Electric double-layer capacitors, also known as supercapacitors, electrochemical double layer capacitors (EDLCs) or ultracapacitors are electrochemical capacitors that have an unusually high energy density when compared to common capacitors, typically on the order of thousands of times greater than a high-capacity electrolytic capacitor. For instance, a typical D-cell sized electrolytic capacitor will have a capacitance in the range of tens of millifarads. The same size electric double-layer capacitor would have a capacitance of several farads, an improvement of about two or three orders of magnitude in capacitance, but usually at a lower working voltage. Larger, commercial electric double-layer capacitors have capacities as high as 5,000 farads. The highest energy density in production is 30 Wh/kg
Supercapacitors aim to fill the gap between capacitors and batteries
Electric double-layer capacitors have a variety of commercial applications, notably in "energy smoothing" and momentary-load devices. Some of the earliest uses were motor startup capacitors for large engines in tanks and submarines, and as the cost has fallen they have started to appear on diesel trucks and railroad locomotives. More recently they have become a topic of some interest in the green energy world, where their ability to soak up energy quickly makes them particularly suitable for regenerative braking applications, whereas batteries have difficulty in this application due to slow charging rates. New technology in development could potentially make EDLCs with high enough energy density to be an attractive replacement for batteries in all-electric cars and plug-in hybrids, as EDLCs are quick charging and exhibit temperature stability. They can also be used in PCMCIA+ cards, flash light devices in digital cameras, portable media players and automated meter reading
In a conventional capacitor, energy is stored by the removal of charge carriers, typically electrons, from one metal plate and depositing them on another. This charge separation creates a potential between the two plates, which can be harnessed in an external circuit. The total energy stored in this fashion is proportional to both the number of charges stored and the potential between the plates. The former is essentially a function of size and the material properties of the plates, while the latter is limited by the dielectric breakdown between the plates. Different materials sandwiched between the plates to separate them result in different voltages to be stored. Optimizing the material leads to higher energy densities for any given size of capacitor.
In contrast with traditional capacitors, electric double-layer capacitors do not have a conventional dielectric. Rather than two separate plates separated by an intervening substance, these capacitors use "plates" that are in fact two layers of the same substrate, and their electrical properties, the so-called "electrical double layer", result in the effective separation of charge despite the vanishingly thin (on the order of nanometers) physical separation of the layers. The lack of need for a bulky layer of dielectric permits the packing of "plates" with much larger surface area into a given size, resulting in their extraordinarily high capacitances in practical sized packages.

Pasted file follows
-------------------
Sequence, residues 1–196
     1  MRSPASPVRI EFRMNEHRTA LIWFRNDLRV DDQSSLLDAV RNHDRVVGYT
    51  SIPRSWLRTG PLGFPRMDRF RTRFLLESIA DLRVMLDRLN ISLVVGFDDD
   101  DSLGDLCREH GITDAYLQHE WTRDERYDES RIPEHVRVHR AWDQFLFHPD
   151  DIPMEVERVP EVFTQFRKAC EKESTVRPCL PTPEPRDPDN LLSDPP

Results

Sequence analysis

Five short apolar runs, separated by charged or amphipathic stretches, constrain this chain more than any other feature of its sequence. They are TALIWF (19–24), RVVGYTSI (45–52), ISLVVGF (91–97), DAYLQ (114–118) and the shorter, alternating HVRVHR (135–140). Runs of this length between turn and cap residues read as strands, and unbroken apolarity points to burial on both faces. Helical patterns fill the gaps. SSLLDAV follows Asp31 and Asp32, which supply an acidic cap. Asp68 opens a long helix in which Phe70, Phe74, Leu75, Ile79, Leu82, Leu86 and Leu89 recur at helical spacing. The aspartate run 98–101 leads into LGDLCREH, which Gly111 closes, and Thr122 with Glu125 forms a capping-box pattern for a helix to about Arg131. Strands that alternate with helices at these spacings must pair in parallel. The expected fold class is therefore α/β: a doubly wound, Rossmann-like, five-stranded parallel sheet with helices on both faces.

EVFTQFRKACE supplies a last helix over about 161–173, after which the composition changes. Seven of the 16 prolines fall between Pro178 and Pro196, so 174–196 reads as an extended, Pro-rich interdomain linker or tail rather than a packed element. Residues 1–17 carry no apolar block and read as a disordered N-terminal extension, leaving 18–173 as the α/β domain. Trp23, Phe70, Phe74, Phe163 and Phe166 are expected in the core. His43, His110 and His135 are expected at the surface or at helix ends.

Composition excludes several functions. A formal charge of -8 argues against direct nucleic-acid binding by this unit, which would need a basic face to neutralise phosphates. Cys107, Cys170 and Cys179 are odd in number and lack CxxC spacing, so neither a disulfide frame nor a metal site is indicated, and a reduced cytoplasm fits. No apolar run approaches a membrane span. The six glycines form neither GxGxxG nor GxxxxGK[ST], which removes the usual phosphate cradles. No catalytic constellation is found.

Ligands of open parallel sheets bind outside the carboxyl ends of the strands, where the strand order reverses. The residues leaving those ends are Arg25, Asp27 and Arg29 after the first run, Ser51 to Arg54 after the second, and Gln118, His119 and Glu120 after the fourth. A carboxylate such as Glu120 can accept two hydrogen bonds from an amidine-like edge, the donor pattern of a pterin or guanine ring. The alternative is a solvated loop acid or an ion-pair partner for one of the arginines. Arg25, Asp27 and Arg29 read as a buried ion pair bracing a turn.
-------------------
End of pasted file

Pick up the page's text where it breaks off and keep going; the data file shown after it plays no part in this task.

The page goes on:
In an electrical double layer, each layer by itself is quite conductive, but the physics at the interface where the layers are effectively in contact means that no significant current can flow between the layers. However, the double layer can withstand only a low voltage, which means that electric double-layer capacitors rated for higher voltages must be made of matched series-connected individual electric double-layer capacitors, much like series-connected cells in higher-voltage batteries.
In general, electric double-layer capacitors improve storage density through the use of a nanoporous material, typically activated charcoal, in place of the conventional insulating barrier. Activated charcoal is a powder made up of extremely small and very "rough" particles, which in bulk form a low-density volume of particles with holes between them that resembles a sponge. The overall surface area of even a thin layer of such a material is many times greater than a traditional material like aluminum, allowing many more charge carriers (ions or radicals from the electrolyte) to be stored in any given volume. The downside is that the charcoal is taking the place of the improved insulators used in conventional devices, so in general electric double-layer capacitors use low potentials on the order of 2 to 3 V.
Activated charcoal is not the "perfect" material for this application. The charge carriers are actually (in effect) quite large - especially when surrounded by solvent molecules - and are often larger than the holes left in the charcoal, which are too small to accept them, limiting the storage. Recent research in electric double-layer capacitors has generally focused on improved materials that offer even higher usable surface areas. Experimental devices developed at MIT replace the charcoal with carbon nanotubes, which have similar charge storage capability as charcoal (which is almost pure carbon) but are mechanically arranged in a much more regular pattern that exposes a much greater suitable surface area.Other teams are experimenting with custom materials made of activated polypyrrole, and even nanotube-impregnated papers.
Ragone chart showing energy density vs. power density for various energy-storage devices
In terms of energy density, existing commercial electric double-layer capacitors range around 0.5 to 30 WÃ‚Â·h/kg, with the standardized cells available
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